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These Ancient Sharks Pooped Out Their Own Babies Through Corkscrew Buttholes

The old eat the young.

by Becky Ferreira
Aug 11 2016, 6:00am

Orthacanthus concept art. Image: Nobu Tamura

Paleontologists have found evidence that the extinct shark Orthacanthus, which roamed swamplands and shallow seas some 300 million years ago, occasionally cannibalized its own young and pooped them out in fecal spirals through a corkscrew-shaped rectum. That's just how Orthacanthus rolled, according to new research published in the journal Palaeontology.

The discovery was made by Aodhán Ó Gogáin, a PhD candidate at Trinity College Dublin's School of Natural Sciences, who found baby shark teeth in adult Orthacanthus coprolites, or fossilized poop.

"There is already evidence from fossilised stomach contents that ancient sharks like Orthacanthus preyed on amphibians and other fish, but this is the first evidence that these sharks also ate the young of their own species," Gogáin said in a statement.

The tooth in coprolite, up-close, and concept art of Orthacanthus. Image: Aodhán Ó Gogáin (Trinity College Dublin)

These ancient shark turds were unearthed in Minto Coalfield in New Brunswick, Canada, and can be easily pegged as Orthacanthus because of their recognizable spiraled shape. Adult Orthacanthus sharks could grow to as large as three meters (9.8 feet), and were apex predators in the swamps and shallow seas of the late Carboniferous and early Permian periods.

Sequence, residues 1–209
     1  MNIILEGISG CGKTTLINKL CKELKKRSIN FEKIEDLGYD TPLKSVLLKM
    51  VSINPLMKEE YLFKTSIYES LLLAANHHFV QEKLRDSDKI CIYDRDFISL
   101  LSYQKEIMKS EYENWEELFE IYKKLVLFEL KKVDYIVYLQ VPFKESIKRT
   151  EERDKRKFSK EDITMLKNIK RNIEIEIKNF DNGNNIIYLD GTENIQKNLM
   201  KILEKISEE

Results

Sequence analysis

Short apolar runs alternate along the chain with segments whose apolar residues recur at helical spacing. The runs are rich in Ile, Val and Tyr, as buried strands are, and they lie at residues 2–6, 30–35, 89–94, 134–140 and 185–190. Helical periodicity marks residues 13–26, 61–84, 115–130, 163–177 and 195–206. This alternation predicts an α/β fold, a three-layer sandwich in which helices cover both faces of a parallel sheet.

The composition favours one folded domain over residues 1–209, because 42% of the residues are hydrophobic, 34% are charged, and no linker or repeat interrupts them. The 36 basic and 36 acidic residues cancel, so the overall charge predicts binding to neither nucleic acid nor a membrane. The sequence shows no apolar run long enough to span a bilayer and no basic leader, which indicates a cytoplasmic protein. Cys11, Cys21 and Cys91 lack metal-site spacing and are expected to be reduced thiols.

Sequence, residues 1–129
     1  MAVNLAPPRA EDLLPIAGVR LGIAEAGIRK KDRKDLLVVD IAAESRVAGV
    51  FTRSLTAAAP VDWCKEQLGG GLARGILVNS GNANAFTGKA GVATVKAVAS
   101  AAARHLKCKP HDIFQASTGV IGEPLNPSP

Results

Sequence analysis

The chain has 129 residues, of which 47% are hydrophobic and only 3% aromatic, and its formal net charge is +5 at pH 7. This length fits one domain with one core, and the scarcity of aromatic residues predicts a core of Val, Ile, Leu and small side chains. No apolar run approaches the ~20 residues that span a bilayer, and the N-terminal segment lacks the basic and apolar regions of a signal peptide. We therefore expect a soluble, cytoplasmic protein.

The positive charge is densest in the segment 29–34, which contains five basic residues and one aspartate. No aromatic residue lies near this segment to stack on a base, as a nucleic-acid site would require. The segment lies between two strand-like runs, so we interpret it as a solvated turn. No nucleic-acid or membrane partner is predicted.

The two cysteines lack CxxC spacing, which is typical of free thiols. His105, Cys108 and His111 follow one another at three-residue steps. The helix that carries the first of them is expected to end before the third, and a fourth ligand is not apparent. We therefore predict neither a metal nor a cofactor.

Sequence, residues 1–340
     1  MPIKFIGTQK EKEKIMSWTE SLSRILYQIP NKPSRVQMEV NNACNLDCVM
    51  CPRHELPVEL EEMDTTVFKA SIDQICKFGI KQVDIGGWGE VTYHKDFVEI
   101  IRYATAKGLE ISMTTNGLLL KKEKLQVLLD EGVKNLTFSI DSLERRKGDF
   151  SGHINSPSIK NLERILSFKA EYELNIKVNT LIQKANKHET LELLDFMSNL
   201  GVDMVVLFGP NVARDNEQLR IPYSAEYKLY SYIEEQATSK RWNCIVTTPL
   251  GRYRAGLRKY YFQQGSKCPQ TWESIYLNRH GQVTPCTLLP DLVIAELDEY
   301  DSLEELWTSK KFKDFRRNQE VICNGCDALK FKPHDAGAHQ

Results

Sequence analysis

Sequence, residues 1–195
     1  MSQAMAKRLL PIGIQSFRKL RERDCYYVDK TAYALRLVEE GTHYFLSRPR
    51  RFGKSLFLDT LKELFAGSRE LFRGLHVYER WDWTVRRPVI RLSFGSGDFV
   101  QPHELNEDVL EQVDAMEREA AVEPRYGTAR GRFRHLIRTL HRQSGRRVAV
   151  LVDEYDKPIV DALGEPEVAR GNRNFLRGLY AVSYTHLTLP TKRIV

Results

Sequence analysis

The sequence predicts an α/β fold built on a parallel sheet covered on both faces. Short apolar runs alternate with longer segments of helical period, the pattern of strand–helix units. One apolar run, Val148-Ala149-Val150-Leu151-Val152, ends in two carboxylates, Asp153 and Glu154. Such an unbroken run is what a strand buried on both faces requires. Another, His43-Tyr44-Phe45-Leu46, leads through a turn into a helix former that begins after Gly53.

Eating the young of one's own species is called filial cannibalism, in case you're wondering, and it is fairly common in the natural world, especially among fish. There are any number of reasons for it, ranging from paternal competition to sheer desperation. Without any way to directly observe Orthacanthus's baby-eating behavior, the motivations of these sharks remains hazy, but it's possible to speculate on what might have compelled them to dine on their children.

"We don't know why Orthacanthus resorted to eating its own young," said study co-author Howard Falcon-Lang, a paleontologist based at Royal Holloway, University of London. "However, the Carboniferous period was a time when marine fishes were starting to colonize freshwater swamps in large numbers. It's possible that Orthacanthus used inland waterways as protected nurseries to rear its babies, but then consumed them as food when other resources became scarce."

Or maybe, Orthacanthus pups were just unaccountably delicious, and even Carboniferous sharks need a cheat day now and then. Hopefully, future studies into these animals and their rotini-like poops will yield more insights into why they occasionally binged on baby-back ribs.

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